I got there before almost anyone else. It was a mess. There was tangled wreckage of two vehicles which police said had slammed into each other head-on at 60 mph. Parts of the vehicles were strewn all over. There was a mingled stink of grease and gasoline and blood on hot blacktop in summer in Arkansas.
I saw the body of one of the drivers, still pinned in the twisted remains of his vehicle. He was bloody and grotesquely mangled from the crash.
I knew him and knew he was beyond help.
I was about to start making pictures when I heard a chilling wailing behind me. I've heard that sound before. I knew what it was before I turned around. When you've heard a sound like that, you never forget it.
I turned and saw a woman I knew running toward the scene, that animal howl of heartbreak and loss pouring from her throat.
Someone had told her of the crash, said her ex-husband was in it. He was -- it was his body I'd seen in the smashed vehicle.
No woman should have to see the father of her children in that condition. Was I going to be a dispassionate observer, let her discover the body of her ex-husband in the nearby wreckage, let reality play out?
Maybe I could make a prize-winning picture of her as she found him, face corroded by tragedy at the instant of discovery.
I grabbed her, hugged her, spun her away from the wreckage, told her that her ex was indeed dead and that she did not want to see him in that condition, did not want that to be the last image of him seared into her brain she would ever see.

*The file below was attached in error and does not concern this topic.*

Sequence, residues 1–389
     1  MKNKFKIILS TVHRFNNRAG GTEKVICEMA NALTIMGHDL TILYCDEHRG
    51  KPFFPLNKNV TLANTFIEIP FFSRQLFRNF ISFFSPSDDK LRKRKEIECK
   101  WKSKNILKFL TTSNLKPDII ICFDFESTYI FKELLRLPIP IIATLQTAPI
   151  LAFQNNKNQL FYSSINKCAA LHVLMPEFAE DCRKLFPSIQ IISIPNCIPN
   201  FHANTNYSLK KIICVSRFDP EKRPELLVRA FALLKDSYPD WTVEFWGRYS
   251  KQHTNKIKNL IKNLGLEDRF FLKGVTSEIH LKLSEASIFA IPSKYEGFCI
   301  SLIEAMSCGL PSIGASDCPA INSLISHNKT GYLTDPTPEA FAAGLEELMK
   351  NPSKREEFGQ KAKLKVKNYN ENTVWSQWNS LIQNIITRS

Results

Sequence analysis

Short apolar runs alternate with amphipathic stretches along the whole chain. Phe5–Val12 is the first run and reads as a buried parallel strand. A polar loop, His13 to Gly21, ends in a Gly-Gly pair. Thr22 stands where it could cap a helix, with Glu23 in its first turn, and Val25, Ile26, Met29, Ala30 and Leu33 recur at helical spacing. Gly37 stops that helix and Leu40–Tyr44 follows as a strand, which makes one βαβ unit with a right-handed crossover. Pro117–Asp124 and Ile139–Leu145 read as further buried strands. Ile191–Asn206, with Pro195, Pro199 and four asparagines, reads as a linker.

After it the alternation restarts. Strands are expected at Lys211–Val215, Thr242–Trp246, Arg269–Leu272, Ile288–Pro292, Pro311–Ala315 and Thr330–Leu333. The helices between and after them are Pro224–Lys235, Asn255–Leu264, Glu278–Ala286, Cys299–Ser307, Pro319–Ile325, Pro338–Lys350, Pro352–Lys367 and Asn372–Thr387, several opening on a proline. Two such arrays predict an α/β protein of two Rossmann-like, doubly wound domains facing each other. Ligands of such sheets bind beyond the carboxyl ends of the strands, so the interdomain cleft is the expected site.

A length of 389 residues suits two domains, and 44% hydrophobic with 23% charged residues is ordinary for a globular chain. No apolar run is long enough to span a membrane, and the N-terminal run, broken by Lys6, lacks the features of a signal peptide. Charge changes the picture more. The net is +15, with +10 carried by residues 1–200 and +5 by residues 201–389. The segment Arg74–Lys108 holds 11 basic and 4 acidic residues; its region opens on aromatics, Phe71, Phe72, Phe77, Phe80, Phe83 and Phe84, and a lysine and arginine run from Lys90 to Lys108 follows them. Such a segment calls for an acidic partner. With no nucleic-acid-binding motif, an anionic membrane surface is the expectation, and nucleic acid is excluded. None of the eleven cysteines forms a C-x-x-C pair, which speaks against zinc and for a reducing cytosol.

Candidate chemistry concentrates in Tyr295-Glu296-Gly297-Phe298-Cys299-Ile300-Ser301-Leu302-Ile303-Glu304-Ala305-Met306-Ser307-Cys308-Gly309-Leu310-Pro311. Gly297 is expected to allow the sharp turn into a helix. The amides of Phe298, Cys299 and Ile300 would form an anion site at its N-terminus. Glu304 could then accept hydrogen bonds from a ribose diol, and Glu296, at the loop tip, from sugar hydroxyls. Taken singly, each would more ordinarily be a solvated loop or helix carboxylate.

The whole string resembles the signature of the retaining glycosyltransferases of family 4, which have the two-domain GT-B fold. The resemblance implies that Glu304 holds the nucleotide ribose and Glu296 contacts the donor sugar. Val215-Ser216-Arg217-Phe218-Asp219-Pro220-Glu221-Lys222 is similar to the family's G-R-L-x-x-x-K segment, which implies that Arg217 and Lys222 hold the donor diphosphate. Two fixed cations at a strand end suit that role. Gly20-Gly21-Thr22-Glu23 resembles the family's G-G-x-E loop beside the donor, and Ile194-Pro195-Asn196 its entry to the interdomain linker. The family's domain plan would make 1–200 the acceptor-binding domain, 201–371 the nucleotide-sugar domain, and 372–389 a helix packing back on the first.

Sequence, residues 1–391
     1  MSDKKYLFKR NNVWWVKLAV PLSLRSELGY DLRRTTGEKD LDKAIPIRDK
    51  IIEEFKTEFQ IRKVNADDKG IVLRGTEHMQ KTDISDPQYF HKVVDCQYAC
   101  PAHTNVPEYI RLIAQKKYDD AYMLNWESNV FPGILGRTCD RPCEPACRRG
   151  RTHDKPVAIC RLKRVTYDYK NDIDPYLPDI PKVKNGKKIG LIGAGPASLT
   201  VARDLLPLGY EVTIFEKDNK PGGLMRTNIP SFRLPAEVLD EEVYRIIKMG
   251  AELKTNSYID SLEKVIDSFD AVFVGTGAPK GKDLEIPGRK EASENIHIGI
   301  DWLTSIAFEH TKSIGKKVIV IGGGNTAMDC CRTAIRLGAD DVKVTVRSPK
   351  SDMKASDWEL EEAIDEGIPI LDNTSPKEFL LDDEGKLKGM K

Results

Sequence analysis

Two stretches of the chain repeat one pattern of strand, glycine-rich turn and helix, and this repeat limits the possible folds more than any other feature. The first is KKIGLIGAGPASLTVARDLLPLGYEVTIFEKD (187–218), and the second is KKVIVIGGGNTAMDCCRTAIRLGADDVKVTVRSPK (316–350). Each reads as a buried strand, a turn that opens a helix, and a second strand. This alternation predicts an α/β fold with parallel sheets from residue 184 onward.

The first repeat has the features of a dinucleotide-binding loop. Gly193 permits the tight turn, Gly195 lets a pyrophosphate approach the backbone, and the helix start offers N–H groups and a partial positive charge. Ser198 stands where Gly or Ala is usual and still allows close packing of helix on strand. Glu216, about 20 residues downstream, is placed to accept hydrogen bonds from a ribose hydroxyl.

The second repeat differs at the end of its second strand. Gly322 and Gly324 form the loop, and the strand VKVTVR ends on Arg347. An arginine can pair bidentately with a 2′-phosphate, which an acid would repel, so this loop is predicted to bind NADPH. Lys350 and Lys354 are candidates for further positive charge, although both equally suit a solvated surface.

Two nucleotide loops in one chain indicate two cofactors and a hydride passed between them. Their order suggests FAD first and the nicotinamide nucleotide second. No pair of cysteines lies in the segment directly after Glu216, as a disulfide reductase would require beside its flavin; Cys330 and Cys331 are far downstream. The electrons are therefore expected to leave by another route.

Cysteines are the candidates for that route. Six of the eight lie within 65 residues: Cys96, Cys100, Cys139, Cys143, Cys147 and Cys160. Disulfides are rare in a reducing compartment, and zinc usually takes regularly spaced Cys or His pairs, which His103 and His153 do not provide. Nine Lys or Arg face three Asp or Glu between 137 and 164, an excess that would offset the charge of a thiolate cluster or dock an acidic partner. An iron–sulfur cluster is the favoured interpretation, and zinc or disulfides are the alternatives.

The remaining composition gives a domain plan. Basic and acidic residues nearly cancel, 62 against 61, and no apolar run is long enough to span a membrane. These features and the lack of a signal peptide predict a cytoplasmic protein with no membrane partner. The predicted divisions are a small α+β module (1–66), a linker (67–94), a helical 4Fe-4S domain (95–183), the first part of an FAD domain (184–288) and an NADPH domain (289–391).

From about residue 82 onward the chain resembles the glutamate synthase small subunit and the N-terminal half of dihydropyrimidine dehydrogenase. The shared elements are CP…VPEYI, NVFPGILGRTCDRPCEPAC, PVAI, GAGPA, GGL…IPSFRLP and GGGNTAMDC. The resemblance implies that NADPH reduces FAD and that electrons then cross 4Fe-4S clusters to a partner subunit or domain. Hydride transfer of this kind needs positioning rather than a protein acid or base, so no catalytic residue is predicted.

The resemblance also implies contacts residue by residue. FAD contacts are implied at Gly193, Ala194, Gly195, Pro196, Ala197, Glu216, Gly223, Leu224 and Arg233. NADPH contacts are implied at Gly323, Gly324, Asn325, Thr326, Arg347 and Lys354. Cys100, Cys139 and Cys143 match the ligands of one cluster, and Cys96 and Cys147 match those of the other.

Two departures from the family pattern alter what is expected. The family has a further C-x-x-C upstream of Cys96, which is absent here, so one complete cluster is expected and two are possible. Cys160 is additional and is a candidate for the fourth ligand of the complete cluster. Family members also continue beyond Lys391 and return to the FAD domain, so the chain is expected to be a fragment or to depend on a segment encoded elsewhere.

I held her, comforted her as best I could, hot breath and grief-struck wails inches away from my ear, her salt tears soaking my shirt, said whatever I could to ease her agony, until some of her people came and took her away.
Then I picked up the camera I had dropped on the ground to hold her, and went to making pictures, doing my job.
Do I regret what I did, stepping out of the role of objective, hard-boiled reporter and into one of a caring human being?
Not for one nanosecond.
I have to wonder if that editor had walked out of his office building and been jumped by a mugger, would he have wanted any bystanders to stay out of it? Would he have been gasping to would-be rescuers, "Retain your objectivity -- don't help me," as some thug did a bareknuckle paradiddle on his face?
Or would he have thrown objectivity to the winds and hollered for help?
A second scenario: Had that editor walked out of his office building and seen it was his wife being mugged or worse, would he have stood dispassionately by? Would he have remained the objective journalist, diligently noting the date, time, and place of the event, listening attentively to the thudding tattoo of a stranger's fists on his wife, carefully watching the blood spray from her busted nose or split lip?
After all, such details can transform a routine crime story into a heart-tugging feature.
Would he remain above the fray? For his sake and his wife's, and the society at large he claims to serve, I hope not.
There’s a name for folks like that, but I can’t use it in this column.
After all, this is a community newspaper…